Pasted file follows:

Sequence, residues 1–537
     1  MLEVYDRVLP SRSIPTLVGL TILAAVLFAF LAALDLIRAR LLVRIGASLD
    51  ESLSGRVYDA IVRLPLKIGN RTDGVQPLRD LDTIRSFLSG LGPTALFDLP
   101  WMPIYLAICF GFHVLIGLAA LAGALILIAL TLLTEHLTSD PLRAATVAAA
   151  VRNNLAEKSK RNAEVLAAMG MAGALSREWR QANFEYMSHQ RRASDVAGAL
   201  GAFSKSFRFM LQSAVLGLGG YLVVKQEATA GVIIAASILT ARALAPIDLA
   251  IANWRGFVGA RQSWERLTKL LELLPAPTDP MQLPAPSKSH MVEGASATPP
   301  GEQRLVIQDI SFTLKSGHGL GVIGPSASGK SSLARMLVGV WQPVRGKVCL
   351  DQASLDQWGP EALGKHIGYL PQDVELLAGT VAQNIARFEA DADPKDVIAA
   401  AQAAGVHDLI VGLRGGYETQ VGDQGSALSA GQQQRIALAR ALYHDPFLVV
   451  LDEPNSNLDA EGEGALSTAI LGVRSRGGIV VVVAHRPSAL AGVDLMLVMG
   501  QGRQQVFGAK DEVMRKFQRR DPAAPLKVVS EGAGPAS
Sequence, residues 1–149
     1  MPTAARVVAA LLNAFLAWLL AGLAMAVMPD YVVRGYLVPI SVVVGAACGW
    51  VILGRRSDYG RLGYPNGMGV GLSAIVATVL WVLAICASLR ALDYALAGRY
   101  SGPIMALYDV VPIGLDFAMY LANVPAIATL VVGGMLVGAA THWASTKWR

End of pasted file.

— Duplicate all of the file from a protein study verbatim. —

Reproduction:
Sequence, residues 1–537
     1  MLEVYDRVLP SRSIPTLVGL TILAAVLFAF LAALDLIRAR LLVRIGASLD
    51  ESLSGRVYDA IVRLPLKIGN RTDGVQPLRD LDTIRSFLSG LGPTALFDLP
   101  WMPIYLAICF GFHVLIGLAA LAGALILIAL TLLTEHLTSD PLRAATVAAA
   151  VRNNLAEKSK RNAEVLAAMG MAGALSREWR QANFEYMSHQ RRASDVAGAL
   201  GAFSKSFRFM LQSAVLGLGG YLVVKQEATA GVIIAASILT ARALAPIDLA
   251  IANWRGFVGA RQSWERLTKL LELLPAPTDP MQLPAPSKSH MVEGASATPP
   301  GEQRLVIQDI SFTLKSGHGL GVIGPSASGK SSLARMLVGV WQPVRGKVCL
   351  DQASLDQWGP EALGKHIGYL PQDVELLAGT VAQNIARFEA DADPKDVIAA
   401  AQAAGVHDLI VGLRGGYETQ VGDQGSALSA GQQQRIALAR ALYHDPFLVV
   451  LDEPNSNLDA EGEGALSTAI LGVRSRGGIV VVVAHRPSAL AGVDLMLVMG
   501  QGRQQVFGAK DEVMRKFQRR DPAAPLKVVS EGAGPAS
Sequence, residues 1–149
     1  MPTAARVVAA LLNAFLAWLL AGLAMAVMPD YVVRGYLVPI SVVVGAACGW
    51  VILGRRSDYG RLGYPNGMGV GLSAIVATVL WVLAICASLR ALDYALAGRY
   101  SGPIMALYDV VPIGLDFAMY LANVPAIATL VVGGMLVGAA THWASTKWR